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Henry A. Murray

Brief life of a personality psychologist: 1893-1988

March-April 2014

Murray in 1962

Murray in 1962

Courtesy of the Harvard University Archives

“The spontaneous propulsion of [my] thoughts by the sanguine surplus…”—so Henry A. Murray ’15 described his intellectual process in “The Case of Murr,” an autobiographical chapter published in 1967. “Sanguine surplus,” or raw exuberance for knowledge, became his creed. (This vitality extended beyond academic enterprises; although married, he had a lengthy affair with his closest collaborator, Christiana Morgan.) He became one of psychology’s original voices, but is sometimes overlooked today: in part, perhaps, because his personality led him into unnecessary battles with fellow psychologists over what could be considered valid research, and because he enthusiastically began projects that he obviously cared about, yet never completed.

Murray sought the origins of life, a quest that led him to study history at Harvard and earn an M.D. and a master’s at Columbia and a Ph.D. in biochemistry from Cambridge. (By his own admission, this varsity crew captain became a dedicated student only in medical school; his relatively easy educational progress may have seeded his frustration with some of his later endeavors.) Embryology brought him closer to life’s beginnings, but a larger mystery loomed. He found his calling at 30, when he read Carl Jung’s Psychological Types. After private sessions with Jung in 1925, he eventually left biomedical research to pursue psychology, a field he approached as “deep diving.” Physiologist Lawrence J. Henderson, his mentor, encouraged the head of the Harvard Psychological Clinic (HPC) to hire Murray as his assistant; he started there in 1927. After private sessions with Jung, he left biomedical research to pursue psychology.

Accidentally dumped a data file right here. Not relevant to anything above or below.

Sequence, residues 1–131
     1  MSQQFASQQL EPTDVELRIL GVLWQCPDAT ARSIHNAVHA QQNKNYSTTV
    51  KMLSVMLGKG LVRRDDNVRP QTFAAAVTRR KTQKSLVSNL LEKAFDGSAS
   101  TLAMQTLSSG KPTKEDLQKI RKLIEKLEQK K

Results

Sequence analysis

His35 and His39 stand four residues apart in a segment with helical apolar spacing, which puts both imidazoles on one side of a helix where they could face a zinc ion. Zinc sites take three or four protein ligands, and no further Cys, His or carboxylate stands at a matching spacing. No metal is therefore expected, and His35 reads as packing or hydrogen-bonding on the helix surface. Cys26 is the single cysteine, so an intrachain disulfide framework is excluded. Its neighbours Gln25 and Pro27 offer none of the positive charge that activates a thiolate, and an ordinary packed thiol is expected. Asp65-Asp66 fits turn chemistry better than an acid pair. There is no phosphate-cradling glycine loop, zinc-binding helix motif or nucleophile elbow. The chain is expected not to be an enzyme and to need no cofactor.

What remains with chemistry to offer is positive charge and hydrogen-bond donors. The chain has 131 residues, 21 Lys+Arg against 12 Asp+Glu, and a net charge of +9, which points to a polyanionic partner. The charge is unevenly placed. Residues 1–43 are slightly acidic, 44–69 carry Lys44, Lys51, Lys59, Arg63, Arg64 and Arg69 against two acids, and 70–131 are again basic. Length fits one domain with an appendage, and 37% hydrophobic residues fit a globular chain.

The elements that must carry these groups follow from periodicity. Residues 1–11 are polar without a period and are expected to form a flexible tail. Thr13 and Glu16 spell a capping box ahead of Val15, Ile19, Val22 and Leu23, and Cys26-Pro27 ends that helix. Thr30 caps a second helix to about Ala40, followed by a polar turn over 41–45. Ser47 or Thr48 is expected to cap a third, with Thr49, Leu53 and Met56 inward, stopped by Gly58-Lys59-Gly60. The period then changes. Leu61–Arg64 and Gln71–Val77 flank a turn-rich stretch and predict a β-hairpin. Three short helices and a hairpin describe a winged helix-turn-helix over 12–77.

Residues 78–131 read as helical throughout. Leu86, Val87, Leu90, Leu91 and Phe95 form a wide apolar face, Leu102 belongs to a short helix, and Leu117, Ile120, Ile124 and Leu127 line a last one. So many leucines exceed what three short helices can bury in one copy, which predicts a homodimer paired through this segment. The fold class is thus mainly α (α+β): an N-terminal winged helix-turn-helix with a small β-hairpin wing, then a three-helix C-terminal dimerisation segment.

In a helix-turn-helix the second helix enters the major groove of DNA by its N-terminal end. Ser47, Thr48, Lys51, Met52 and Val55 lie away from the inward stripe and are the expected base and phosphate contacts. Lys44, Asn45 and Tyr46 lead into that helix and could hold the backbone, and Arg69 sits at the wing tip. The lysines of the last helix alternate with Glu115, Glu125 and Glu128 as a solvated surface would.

At the HPC during the 1930s, Murray and lay researcher Christiana Morgan developed the Thematic Apperception Test (TAT), a set of picture cards, still used, that challenge subjects to invent a story, a process that often reveals more about their psychological states than responses to direct questions do.In an era when many other academics disdained psychology as “unscientific” and impossible to research, Murray disagreed, having worked out protocols for interpreting nontraditional data. He applied empirical methods—standardized data collection and interpretation—and pioneered the longitudinal study, in which investigators follow their subjects to determine whether initial results are stable or changing.

But he was also developing his own branch of psychology. Having studied Jung, he incorporated biology, sociology, culture, and literature into his research. (He promoted the works of Herman Melville—believing the Pequod’s crew illustrated every psychological type—when the novelist was largely ignored by the academy.) He dubbed his approach “personology”; its tenets include studying individual life histories to find the main themes, internal drives, and outside factors that influence personality formation.